With all the drama of one federal budget, somewhat in the rear view, many are already looking to key allocations for the 2019 version.
One of those making its case is the U.S. Coast Guard. It will be requesting $979 million, or about 8.4 percent, more than it asked for in 2018. Perhaps the most significant element of its 2019 budget will be the $750 million needed to begin construction of a new vessel capable of breaking through the ice in arctic regions.
In total, Homeland Security is asking for around $2 billion to recapitalize the Coast Guard's fleet, but the heavy polar icebreaker would be the first such ship added to the fleet in over 40 years.
Currently, the only such vessel in the Coast Guard’s fleet is the Polar Star, which entered service in the mid-1970s, was refurbished in 2012 and is now well past its projected 30-year service life. In fact, it’s basically being held together by salvaging parts from is sister ship, the Polar Sea. Currently, the Polar Star is the only ship with the ability to support year-round access to Antarctic and Arctic regions.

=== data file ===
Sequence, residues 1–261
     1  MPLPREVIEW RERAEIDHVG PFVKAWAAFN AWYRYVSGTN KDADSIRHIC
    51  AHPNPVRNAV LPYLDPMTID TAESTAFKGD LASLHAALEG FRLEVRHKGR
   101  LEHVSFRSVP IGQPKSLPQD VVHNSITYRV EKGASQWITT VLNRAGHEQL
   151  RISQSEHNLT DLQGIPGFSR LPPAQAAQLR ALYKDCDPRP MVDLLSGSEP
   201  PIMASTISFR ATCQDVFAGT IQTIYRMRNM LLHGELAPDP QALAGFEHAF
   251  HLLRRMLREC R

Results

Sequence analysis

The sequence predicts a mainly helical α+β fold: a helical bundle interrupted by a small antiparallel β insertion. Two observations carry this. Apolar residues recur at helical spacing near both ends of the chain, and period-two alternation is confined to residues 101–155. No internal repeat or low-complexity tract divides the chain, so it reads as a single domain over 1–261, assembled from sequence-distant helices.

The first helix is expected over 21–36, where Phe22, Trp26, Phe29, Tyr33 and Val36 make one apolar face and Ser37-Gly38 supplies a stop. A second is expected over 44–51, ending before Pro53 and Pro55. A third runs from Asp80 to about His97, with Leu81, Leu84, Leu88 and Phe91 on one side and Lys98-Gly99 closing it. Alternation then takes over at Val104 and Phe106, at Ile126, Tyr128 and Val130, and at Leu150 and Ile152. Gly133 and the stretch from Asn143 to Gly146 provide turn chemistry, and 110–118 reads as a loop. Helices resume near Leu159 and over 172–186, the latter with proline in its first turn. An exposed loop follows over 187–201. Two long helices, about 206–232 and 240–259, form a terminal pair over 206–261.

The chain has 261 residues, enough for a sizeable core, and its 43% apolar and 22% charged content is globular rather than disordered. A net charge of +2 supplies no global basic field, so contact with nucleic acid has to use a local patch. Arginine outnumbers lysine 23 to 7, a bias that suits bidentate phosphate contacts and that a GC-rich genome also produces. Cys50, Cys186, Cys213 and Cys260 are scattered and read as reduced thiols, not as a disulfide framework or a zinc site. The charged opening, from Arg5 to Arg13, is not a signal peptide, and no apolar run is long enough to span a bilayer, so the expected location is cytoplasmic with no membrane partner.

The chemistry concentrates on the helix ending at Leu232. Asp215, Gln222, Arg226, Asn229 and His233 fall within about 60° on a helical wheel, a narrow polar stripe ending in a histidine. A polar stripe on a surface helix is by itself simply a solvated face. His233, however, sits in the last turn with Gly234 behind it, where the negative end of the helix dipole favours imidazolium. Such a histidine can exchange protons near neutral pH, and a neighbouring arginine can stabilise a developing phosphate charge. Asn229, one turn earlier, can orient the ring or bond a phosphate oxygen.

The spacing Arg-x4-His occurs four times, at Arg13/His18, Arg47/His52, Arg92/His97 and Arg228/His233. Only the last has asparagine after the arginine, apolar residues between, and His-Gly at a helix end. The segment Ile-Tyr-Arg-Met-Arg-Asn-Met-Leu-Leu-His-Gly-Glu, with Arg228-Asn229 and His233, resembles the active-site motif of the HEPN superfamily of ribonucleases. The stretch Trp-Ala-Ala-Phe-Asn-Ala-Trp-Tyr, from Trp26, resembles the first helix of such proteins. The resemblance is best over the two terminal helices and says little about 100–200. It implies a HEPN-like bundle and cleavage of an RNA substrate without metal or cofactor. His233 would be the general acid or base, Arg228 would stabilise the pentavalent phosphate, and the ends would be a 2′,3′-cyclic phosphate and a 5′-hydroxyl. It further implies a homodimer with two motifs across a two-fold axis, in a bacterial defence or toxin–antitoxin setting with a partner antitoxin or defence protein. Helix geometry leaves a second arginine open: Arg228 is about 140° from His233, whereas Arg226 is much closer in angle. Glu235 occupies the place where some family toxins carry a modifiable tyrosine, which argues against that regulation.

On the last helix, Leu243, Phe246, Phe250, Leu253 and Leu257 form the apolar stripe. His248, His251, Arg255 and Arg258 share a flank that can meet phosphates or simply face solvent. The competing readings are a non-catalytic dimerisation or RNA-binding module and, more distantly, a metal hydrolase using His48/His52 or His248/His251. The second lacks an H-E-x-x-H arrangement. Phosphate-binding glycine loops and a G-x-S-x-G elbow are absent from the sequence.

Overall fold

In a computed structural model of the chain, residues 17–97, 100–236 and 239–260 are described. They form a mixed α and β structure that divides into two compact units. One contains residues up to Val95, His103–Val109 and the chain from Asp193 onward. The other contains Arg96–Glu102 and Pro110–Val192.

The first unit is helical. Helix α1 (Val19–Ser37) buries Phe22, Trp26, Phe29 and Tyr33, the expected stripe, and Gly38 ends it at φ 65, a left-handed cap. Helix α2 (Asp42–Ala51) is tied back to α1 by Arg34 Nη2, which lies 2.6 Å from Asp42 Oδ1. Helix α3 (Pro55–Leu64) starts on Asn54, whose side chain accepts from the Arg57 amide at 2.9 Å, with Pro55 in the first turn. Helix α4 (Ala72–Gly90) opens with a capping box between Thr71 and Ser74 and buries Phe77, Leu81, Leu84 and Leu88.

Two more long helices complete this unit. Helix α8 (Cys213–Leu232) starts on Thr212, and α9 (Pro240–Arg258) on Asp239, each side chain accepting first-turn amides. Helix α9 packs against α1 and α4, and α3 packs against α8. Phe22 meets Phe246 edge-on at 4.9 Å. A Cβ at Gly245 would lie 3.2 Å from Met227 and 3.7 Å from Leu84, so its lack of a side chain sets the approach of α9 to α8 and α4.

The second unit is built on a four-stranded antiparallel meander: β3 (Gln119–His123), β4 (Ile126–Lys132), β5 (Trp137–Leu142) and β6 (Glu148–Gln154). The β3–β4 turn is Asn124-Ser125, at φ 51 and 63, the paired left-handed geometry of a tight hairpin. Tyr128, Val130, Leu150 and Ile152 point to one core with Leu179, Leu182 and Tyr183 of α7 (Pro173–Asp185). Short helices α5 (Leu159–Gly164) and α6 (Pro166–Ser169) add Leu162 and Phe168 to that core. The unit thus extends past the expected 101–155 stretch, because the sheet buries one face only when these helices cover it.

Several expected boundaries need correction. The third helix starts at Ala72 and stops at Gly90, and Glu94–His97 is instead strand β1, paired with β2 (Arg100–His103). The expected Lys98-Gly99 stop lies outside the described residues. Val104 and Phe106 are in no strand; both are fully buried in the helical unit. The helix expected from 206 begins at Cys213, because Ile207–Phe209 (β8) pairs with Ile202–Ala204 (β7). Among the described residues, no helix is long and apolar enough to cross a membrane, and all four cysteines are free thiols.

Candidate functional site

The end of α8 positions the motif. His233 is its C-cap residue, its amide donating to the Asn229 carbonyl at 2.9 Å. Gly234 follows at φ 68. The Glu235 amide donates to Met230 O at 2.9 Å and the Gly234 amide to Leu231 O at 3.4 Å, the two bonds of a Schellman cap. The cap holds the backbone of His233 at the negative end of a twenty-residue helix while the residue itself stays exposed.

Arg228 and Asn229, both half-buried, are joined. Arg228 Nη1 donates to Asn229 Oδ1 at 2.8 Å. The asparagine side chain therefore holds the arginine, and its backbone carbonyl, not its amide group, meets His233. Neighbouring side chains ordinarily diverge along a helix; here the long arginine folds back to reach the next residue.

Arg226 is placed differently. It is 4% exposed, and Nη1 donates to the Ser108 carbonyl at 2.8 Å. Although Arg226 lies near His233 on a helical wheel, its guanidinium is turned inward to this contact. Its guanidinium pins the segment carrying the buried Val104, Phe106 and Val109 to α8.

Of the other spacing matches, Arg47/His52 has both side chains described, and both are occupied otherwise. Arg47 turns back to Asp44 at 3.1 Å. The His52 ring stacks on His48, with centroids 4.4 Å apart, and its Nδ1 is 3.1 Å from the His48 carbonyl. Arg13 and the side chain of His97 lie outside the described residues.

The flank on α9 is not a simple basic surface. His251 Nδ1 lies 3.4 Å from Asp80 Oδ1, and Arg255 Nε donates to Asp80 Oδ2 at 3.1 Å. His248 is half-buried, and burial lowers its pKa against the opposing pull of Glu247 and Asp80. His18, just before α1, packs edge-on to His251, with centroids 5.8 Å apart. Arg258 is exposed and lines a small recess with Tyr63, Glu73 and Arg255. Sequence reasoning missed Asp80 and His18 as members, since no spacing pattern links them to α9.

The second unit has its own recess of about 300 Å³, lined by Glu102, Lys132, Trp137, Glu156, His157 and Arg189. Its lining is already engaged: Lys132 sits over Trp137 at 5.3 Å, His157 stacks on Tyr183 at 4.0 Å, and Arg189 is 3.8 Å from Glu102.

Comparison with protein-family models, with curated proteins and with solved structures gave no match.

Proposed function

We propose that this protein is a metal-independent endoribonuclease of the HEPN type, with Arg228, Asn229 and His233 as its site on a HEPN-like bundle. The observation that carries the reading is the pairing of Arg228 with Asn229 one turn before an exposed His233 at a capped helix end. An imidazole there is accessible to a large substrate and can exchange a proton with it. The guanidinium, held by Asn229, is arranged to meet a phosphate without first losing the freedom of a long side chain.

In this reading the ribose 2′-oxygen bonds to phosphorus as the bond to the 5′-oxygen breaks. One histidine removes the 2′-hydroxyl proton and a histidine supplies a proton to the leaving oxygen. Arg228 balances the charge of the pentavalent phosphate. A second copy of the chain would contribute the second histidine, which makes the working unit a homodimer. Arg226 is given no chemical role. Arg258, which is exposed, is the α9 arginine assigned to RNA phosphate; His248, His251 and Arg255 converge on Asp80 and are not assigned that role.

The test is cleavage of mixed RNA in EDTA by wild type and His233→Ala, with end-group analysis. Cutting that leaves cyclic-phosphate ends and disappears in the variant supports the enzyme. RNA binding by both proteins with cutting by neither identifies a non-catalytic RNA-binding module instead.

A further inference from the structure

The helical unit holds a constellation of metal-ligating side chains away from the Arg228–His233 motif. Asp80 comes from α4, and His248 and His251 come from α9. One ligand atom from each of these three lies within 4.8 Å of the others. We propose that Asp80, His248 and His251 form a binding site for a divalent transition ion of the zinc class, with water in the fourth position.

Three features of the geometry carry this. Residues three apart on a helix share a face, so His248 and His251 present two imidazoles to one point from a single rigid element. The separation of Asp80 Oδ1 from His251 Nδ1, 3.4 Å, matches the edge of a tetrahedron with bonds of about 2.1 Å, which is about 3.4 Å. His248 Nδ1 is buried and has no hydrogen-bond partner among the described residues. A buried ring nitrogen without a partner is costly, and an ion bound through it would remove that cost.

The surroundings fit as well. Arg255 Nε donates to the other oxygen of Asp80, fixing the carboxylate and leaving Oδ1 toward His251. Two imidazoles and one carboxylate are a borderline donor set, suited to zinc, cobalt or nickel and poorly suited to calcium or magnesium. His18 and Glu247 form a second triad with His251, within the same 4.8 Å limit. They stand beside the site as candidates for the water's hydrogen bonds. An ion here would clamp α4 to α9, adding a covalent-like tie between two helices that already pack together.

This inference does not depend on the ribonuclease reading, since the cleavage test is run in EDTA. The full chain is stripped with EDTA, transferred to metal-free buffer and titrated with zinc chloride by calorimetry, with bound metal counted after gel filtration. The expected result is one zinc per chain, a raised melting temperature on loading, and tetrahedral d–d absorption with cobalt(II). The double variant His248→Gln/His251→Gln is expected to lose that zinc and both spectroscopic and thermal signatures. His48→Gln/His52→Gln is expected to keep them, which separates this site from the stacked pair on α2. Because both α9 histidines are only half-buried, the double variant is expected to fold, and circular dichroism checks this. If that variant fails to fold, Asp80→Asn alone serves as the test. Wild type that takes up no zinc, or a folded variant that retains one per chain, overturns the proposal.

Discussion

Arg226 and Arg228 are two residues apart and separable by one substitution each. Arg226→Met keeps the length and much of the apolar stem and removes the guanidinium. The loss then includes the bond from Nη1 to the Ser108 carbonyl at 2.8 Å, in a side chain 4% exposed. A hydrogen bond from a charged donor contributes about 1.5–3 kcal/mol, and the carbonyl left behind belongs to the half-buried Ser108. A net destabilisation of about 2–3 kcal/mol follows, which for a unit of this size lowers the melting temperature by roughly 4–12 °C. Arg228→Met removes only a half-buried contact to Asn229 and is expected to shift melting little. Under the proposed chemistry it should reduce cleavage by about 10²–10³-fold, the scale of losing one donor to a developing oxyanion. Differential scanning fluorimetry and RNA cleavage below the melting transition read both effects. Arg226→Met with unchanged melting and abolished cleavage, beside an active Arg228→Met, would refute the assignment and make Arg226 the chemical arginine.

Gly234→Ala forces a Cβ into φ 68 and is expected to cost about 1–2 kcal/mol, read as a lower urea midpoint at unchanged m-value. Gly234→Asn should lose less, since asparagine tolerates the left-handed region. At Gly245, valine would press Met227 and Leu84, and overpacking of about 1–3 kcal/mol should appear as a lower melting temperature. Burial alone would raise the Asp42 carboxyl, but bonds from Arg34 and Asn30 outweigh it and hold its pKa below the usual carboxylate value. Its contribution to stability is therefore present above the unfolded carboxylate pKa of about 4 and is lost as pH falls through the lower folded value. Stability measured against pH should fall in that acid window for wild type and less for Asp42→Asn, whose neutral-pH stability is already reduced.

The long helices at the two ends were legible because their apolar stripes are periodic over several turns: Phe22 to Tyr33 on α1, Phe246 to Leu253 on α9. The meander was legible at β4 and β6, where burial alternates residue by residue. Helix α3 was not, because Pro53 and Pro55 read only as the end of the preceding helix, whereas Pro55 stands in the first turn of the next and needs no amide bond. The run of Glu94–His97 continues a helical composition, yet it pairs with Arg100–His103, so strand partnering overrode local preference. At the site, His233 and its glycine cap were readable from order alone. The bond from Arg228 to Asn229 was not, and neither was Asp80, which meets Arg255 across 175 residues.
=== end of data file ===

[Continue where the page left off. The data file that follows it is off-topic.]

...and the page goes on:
So why is this becoming a billion-dollar area of interest for a patrolling force that also protects the $4.6 trillion in economic activity flowing in and out of U.S. ports and waterways? Well, as the amount of polar ice continues to recede, these areas are becoming more accessible. This translates to greater value in terms of new shipping routes, fishing grounds and natural resource exploration.
This fact has not been lost on Russia or China. Russia has four heavy polar icebreakers and China continues to expand their fleet of icebreakers, although they currently lack a heavy ship.
Coast Guard Commandant Adm. Paul Zukunft, who assumed command in 2014, has said he eventually wants to add three heavy and three medium icebreakers. The 2019 budget would also provide $400 million to start construction of two medium-endurance cutters.